Today in 2018, Black America is nearly 50 million strong, according to the U.S. Census Bureau’s latest American Community Survey. After 400 years, we are still struggling to assert our constitutional, civil and human rights, full U.S. citizenship and “life, liberty and the pursuit of happiness.” New York State, with 3.6 million, has the largest Black population of any state in the nation. And New York is at a critical juncture leading up to the 2020 census. State and city resources must be put in place now, before it is too late.

The Trump administration, March 26, 2018, just added a question to the 2020 census form, without legally required pre-testing (last asked in 1950), which will likely trigger a massive census undercount and have devastating political, economic and social consequences for Black and other communities of color. To paraphrase, the new question is “Are you a U.S. citizen?”

America’s 50 million Black Diaspora population contains more than 11 million continental African, Caribbean and Afro-Latino members. Any noncitizen whose papers, or relatives’ papers, are not yet in order will be highly skeptical about filling out a U.S. census form that includes this question and submitting information to a federal agency, with President Trump’s immigration raids raging all across America. And even if they don’t fill out the form or answer the citizenship question, the Census Bureau still knows their addresses, and census takers (or immigration agents?) will be sent after them to complete the forms. Under penalty of federal law, fine and imprisonment, the Census Bureau should not share this information with any other agency. But today, we are living in a new, unpredictable national governmental climate.

A census undercount means fewer congressional, State Legislature and City Council seats; fewer federally funded programs and services; and less civil rights enforcement, on top of the political and policy mega-shifts in Washington.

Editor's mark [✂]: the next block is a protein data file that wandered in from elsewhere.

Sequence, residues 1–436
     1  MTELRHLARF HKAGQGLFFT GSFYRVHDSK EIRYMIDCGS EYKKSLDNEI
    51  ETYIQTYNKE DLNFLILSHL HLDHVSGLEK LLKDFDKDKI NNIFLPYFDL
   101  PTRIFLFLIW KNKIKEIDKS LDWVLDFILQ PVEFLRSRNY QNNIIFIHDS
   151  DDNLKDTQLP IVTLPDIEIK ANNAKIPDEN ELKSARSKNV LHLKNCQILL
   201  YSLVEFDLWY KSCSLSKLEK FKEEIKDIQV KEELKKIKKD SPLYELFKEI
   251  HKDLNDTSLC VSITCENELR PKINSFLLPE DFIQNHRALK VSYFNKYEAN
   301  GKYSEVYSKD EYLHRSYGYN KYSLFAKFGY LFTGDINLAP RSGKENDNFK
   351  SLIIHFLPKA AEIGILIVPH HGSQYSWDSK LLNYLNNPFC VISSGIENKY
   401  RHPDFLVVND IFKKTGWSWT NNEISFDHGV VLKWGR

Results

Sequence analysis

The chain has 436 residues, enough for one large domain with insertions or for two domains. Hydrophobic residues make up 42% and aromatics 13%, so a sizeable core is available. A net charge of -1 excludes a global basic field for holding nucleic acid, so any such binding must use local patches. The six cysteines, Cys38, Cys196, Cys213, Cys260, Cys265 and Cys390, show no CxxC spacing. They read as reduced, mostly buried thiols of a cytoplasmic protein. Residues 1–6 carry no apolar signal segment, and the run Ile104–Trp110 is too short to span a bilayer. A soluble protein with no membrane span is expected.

Nationally, $675 billion a year in federals funds, services and programs are allocated using census data— $7 trillion locked in by decennial census numbers for the entire decade—and $53 billion a year in New York State and $20 billion a year in New York City are in federal funds and programs. A 2020 undercount means major federal cuts, on top of Trump administration federal tax and budget policies that have killed mortgage interest deductions and other benefits for New Yorkers. Also, civil rights and voting rights enforcement are heavily reliant on census counts to ascertain levels of racial and gender disparities and discrimination. A racial/gender undercount of protected classes will undermine the case for proof of discrimination.

The Trump-Republican controlled Congress cut the 2020 census budget in half, from $14 billion in 2010 to $7 billion. It is imperative that New York State and New York City governments, the philanthropic and private sectors, provide substantial 2020 census education and outreach resources now, or New York is headed for a vast undercount, with dire consequences.

We are already projected to lose one to two congressional seats, from our present 27 seats down to 25— from a high of 45 seats in 1940. New York, the Empire State, once had the largest congressional delegation in America for 100 years. California passed us in 1970, Texas in 2000 and Florida in 2017. A minority/immigrant-based 2020 Census undercount will mean political power, public services and civil rights enforcement reductions at precisely the time when our voices and agenda must be amplified, in today’s perilous public policy climate.

The solution? The good news is that Black America now has a heads up, some lead time, 18 months to counteract this massive political and economic attack on its national well-being and sustainability as the “nation within a nation” that we have been and are now. Many groups are beginning to awaken and organize toward the 2020 census. We need every New Yorker to be counted in the 2020 census, regardless of race, ethnicity, income, age, religion, gender, mobility, nationality, sexual orientation and immigration status. Black New Yorkers, among America’s historically most undercounted groups, must do our part. Or, we will lessen our voices in the corridors of power, reduce our fair share of the blessings of liberty and by our negligence, betray the life chances of our future generations.

Dr. John Flateau is professor of public administration and political science at Medgar Evers College, CUNY and director of its think tanks, the US Census Information Center and the DuBois Bunche Center for Public Policy.